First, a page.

Lorna Landvik has written a beautiful novel, a character study centered in a small Midwestern town peopled by wonderful people and Lorna ensures that her readers care about all of them.
In Beautiful Bad Annie Ward has written a compelling psychological thriller in the vein of Gone Girl and The Girl on the Train that explores themes of love, friendship, and family in all their permutations. What will someone do for love? What will they do in the name of friendship? How far will someone go to protect those they love? And how well do we really know the people who are closest to us?
Beautiful Bad weaves through time, exploring the story of Maddie, her best friend, Joanna, and the man they both fall for, Ian. Each is a damaged person in their own way, damaged by both circumstance and personal choices. Maddie is a teacher and travel writer / danger junkie after a near death experience in her youth. Joanna works for various non-profits aiding refugees in war torn countries and who suffers several personal losses. Ian is British military working as a bodyguard and, later, in private security, in the Balkans, Rwanda, Afghanistan, and Iraq. Alcoholism and PTSD are par for the course. Sometimes love and friendship can heal the broken spirit. Sometimes, too much damage can lead to toxic relationships and fatal consequences.
Beautiful Bad is a complex psychological thriller that weaves through time, hinting at all the possible ways people meeting through chance encounters can have an impact on one another that alters the lives of all involved. How love and friendship can go horribly wrong. How people who have survived living and working in some of the most dangerous places on earth can be the most threatened within their own home. And how people and circumstances aren’t what they seem to be. A twist ending finishes up this wild ride. Readers will be surprised and left wondering.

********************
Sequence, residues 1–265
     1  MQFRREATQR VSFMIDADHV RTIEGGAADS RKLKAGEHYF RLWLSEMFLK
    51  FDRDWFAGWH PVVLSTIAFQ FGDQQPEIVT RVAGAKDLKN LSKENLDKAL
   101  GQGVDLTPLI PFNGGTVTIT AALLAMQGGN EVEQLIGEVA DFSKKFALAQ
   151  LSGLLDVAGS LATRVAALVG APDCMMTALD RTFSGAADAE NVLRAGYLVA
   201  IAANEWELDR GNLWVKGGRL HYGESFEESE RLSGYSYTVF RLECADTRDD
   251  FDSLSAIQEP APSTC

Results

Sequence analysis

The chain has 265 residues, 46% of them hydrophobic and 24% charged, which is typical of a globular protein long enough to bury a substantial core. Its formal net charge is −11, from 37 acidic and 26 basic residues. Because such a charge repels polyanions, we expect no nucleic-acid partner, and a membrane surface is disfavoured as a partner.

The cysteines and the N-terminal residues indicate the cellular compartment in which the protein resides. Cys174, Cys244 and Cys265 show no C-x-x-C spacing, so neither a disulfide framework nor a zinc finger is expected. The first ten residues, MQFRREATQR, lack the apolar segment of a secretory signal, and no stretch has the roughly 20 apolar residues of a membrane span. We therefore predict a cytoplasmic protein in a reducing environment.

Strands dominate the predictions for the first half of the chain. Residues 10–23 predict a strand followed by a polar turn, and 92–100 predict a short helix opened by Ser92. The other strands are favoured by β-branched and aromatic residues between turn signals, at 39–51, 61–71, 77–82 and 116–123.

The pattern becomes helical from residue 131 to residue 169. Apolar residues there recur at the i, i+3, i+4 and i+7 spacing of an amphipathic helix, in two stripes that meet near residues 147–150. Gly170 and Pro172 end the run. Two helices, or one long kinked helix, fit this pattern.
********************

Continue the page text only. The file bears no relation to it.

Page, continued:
Beginnings is a beautiful and lyrical look at a man’s quest to find himself and to find home. Born on an Ojibwe reservation to a teen mother who dies when he is still a baby, Donovan Manypenny is raised by his grandparents until both grandparents die within months of each other. Orphaned, a ward of the state, then adopted by a white couple and moved to Massachusetts; the pain and confusion he experiences lead him to suppress the memory of who he is for over forty years. At age 53 he is called to re-awaken that part of himself and he sets off on a journey to find his roots, and himself. His journey home follows the ancient migration trail of the early Ojibwe. He hopes that he will remember who he is and that there are people left who remember him. His Journey is a spiritual, emotional, and physical, quest back to his roots.
Both compelling and inspirational, Thomas D. Peacock blends the story of a lost boy trying to find his way back home in adulthood with the thousand year story of the Ojibwe. Combining personal with the historical, illustrating how an individual is part of this larger narrative, Peacock has given us a voice so authentic it is easy to mistake this novel for a memoir. Donovan Manypenny is an inspiring and engaging narrator. Readers are fortunate to be invited on his journey as he struggles to find his sense of self, his purpose, and a place of belonging.
Beginnings is like a spiritual guide, travelogue, history primer, memoir, and novel all rolled into one. In Donovan Manypenny, the author has conjured for us a fine travelling companion and Beginnings is a journey you will be glad you took.